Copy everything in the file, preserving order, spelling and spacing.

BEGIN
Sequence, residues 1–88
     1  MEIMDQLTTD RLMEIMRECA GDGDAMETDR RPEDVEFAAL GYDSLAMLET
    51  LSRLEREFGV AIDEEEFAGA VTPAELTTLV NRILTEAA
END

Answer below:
Sequence, residues 1–88
     1  MEIMDQLTTD RLMEIMRECA GDGDAMETDR RPEDVEFAAL GYDSLAMLET
    51  LSRLEREFGV AIDEEEFAGA VTPAELTTLV NRILTEAA